The designer Alicja Biała and the architect Iwo Borkowicz have created an art installation in Poznań, Poland, which visualises data on climate change. Known as "Totemy", this attention-grabbing installation occupies the space underneath the MVRDV Bałtyk tower and consists of six wooden totems in colourful geometric shapes displaying statistics on climate change. They also feature QR codes that can be scanned to find out more about the artwork and data basis, which has a strong reference to Poland and aims to convince climate change sceptics.
The American founder Lindsay McCormick has developed an environmentally-friendly alternative to toothpaste in tubes called "Bite". Made of natural ingredients, this dental hygiene product consists of pills sold in small glass bottles. The "Bites" are placed in the mouth and are then made to foam using a regular, wet toothbrush. Customers can sign up to a four-month subscription in the online store and have the biodegradable refill pouches in the flavours of "fresh mint" and "activated charcoal" conveniently delivered to their homes.
The clothing-retail company H&M supports the start-up the DO School in a program for young people who need help in finding out what they want to do after school or vocational training. The six-month program includes workshops on a range of topics such as personality and soft skills, as well as training for the modern working world. The participants are between the ages of 16 and 22 and also do a 5-week internship in the various departments of an H&M store. This gives the company a highly effective employer branding among this young target group, for whom the program is free of charge.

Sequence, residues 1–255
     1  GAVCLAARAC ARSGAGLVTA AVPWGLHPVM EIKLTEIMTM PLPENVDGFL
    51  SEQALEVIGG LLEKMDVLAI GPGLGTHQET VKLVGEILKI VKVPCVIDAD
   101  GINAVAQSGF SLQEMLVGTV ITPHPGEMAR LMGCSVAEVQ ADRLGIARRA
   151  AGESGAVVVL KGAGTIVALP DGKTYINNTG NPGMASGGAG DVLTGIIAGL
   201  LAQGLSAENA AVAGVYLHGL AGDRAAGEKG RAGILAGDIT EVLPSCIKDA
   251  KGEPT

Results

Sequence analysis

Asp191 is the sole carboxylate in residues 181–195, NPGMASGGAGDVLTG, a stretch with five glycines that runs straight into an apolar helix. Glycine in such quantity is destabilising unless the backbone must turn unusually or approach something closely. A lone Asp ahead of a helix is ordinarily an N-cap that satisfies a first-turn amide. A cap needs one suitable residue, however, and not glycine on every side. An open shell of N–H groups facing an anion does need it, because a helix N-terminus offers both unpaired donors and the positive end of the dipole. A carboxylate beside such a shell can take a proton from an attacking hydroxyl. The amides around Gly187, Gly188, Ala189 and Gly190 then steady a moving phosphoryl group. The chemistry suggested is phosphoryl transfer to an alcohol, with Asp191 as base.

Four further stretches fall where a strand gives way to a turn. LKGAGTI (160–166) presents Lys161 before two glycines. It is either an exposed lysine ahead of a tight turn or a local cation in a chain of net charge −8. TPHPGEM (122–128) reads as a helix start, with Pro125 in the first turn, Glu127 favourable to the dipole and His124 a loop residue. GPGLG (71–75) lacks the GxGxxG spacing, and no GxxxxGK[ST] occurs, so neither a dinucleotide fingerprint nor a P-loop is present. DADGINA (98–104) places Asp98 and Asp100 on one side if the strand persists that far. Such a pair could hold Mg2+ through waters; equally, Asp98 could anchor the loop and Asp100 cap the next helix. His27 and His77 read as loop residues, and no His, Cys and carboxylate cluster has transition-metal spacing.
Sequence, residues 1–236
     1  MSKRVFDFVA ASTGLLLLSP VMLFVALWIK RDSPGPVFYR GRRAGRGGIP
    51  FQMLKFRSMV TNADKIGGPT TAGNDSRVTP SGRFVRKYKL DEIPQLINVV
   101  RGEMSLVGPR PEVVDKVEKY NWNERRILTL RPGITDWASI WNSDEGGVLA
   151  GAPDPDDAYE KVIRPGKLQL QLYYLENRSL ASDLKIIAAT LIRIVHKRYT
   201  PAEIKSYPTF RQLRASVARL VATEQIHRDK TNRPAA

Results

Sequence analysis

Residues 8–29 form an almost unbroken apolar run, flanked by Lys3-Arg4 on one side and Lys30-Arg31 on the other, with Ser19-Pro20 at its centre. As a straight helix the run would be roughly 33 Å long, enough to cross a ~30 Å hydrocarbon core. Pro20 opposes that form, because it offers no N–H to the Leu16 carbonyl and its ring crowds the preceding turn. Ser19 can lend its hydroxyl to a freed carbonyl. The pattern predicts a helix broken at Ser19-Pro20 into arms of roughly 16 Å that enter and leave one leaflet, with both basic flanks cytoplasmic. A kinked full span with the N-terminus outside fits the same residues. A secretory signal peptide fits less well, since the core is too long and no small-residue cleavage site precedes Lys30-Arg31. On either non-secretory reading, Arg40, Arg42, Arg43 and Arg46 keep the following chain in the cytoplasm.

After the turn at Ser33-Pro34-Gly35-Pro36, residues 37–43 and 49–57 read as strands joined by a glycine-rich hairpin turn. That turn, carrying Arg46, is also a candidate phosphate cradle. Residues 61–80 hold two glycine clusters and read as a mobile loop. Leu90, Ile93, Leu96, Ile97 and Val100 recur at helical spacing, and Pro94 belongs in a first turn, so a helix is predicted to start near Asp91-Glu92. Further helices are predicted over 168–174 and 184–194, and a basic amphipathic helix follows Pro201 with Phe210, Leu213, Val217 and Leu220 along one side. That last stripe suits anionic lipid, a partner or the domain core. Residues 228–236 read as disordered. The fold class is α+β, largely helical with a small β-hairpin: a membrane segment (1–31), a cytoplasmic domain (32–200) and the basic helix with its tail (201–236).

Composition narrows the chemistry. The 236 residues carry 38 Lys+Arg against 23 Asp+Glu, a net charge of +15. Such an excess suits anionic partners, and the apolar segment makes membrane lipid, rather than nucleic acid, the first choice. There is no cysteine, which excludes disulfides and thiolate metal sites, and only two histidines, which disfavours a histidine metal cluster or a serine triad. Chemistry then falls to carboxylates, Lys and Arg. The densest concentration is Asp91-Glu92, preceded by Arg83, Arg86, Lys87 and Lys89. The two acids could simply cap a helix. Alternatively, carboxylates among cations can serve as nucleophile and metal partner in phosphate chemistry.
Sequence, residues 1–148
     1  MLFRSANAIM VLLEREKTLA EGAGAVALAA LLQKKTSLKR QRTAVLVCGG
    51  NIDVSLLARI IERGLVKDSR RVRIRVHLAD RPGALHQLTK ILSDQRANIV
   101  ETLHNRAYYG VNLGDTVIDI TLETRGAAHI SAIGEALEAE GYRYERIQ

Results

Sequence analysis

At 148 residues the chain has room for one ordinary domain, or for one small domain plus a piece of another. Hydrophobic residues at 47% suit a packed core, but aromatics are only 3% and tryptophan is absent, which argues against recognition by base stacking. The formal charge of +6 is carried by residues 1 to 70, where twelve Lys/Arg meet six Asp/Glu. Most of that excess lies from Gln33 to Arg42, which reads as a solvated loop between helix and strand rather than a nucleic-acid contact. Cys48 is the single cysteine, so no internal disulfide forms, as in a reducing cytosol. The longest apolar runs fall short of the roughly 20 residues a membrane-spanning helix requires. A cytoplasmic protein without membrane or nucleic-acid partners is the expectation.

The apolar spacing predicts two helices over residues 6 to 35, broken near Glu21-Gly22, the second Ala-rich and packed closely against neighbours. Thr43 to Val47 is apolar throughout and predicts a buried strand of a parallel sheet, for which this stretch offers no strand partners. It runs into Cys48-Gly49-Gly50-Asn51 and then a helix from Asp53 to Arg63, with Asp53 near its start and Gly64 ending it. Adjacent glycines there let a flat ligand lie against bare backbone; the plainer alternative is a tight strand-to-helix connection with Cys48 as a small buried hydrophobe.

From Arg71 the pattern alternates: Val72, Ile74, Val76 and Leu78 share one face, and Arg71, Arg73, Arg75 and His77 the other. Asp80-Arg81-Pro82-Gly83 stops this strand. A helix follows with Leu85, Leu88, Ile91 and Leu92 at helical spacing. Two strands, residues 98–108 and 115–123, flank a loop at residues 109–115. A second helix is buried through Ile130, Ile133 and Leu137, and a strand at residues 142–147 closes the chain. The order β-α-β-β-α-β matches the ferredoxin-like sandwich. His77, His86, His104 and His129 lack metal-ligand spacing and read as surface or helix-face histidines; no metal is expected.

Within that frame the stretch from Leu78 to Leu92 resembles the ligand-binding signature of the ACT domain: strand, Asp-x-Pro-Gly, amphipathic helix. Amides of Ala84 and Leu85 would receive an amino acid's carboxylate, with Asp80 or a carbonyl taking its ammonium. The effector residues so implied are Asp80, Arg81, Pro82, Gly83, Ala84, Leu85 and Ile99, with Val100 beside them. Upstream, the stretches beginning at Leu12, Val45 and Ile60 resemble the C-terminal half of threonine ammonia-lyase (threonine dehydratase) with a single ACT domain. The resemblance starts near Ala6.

The confectionery company Cadbury has celebrated "World Chocolate Day" in Melbourne with a campaign that invited residents to make chocolate using a 3D printer. For this purpose, a large 3D printer for milk chocolate was installed in the Myer Chadstone department store, where shoppers could print their own creations and make charms. They also got the chance to personalise the chocolate in different shapes and decorate it with letters, signs and Australian symbols. The charms are therefore not only ideal for immediate consumption, but also make great gifts.
Researchers from Kyushu University have for the first time successfully created a laser diode based on organic semiconductors and thereby opened the path towards new applications in the fields of biosensing, displays, healthcare and optical communications. Previous attempts failed due to the high current required by such devices to achieve the lasing process. The new diode consists of a highly efficient light-emitting material with a relatively low resistance to electricity. A grid-shaped structure made of insulating material around the electrodes achieves the desired optical effects.